The procedure you describe sounds way worse than just having a chest tube put in every time a bleb pops. Out of curiosity, has your CT given you any expectation that this surgery will indeed remedy the blebs? My concern would be that more will develop, and you’ll undergo this procedure AND still experience collapse in the future.

Either way - wow! Sending all the healing vibes your way. Collapsed lungs and the anxiety of knowing they can keep happening can be a real headache. I’ve just surrendered to the fact that this will be a part of my life, and I’ll handle them as they happen.

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I should had specified - “only respond with good experiences of no pain and immediate recovery!” :rofl:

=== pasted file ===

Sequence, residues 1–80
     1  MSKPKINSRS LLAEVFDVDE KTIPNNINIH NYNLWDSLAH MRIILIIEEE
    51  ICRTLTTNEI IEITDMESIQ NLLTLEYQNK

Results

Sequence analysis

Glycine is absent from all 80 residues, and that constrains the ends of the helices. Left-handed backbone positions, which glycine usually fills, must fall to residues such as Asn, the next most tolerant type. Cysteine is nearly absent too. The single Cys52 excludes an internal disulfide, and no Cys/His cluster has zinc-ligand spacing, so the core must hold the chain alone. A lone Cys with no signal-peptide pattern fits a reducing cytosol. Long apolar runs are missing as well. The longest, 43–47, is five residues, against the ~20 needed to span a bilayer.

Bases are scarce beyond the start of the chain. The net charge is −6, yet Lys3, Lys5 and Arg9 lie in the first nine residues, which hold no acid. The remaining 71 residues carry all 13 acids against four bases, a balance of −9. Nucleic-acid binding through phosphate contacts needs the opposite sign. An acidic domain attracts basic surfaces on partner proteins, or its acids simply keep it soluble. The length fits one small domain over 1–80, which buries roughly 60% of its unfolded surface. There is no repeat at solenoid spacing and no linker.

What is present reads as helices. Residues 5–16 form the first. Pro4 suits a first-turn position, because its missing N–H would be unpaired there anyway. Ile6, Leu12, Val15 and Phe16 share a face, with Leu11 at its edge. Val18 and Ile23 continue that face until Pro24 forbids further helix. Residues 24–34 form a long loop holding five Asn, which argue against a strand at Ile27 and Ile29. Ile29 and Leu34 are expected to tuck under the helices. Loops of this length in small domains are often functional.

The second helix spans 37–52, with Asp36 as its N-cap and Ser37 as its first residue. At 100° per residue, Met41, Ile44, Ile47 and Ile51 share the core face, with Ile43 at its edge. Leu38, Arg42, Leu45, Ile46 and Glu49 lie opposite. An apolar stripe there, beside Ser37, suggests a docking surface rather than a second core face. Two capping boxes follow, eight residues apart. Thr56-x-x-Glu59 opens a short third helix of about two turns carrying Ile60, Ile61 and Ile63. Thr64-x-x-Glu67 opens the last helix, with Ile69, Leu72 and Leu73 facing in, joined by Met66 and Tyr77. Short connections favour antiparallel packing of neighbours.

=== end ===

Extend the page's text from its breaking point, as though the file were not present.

Thanks for the advice. Gives me some good questions to ask and things to consider.


I definitely think it should be better for you than it was for the boys, especially in terms of return to activity (it was about 4 months before cleared for MTB), but definitely ask why the 4-5 day post-op stay!

My understanding is that the procedure applies to the entire lung and the chance of recurrence thereafter is very, very low whereas now, with each recurrence it gets exponentially more likely. Additionally, mine have been small enough to avoid even needing a chest tube however there is no guarantee they will always be small and if a big one happens without immediate access to a chest tube or in the water (triathlete here), it becomes life threatening. Additionally, I have heard from numerous folks that the lung drop coupled with the emergency chest tubes are worse and more painful than the procedure I am contemplating in the long run.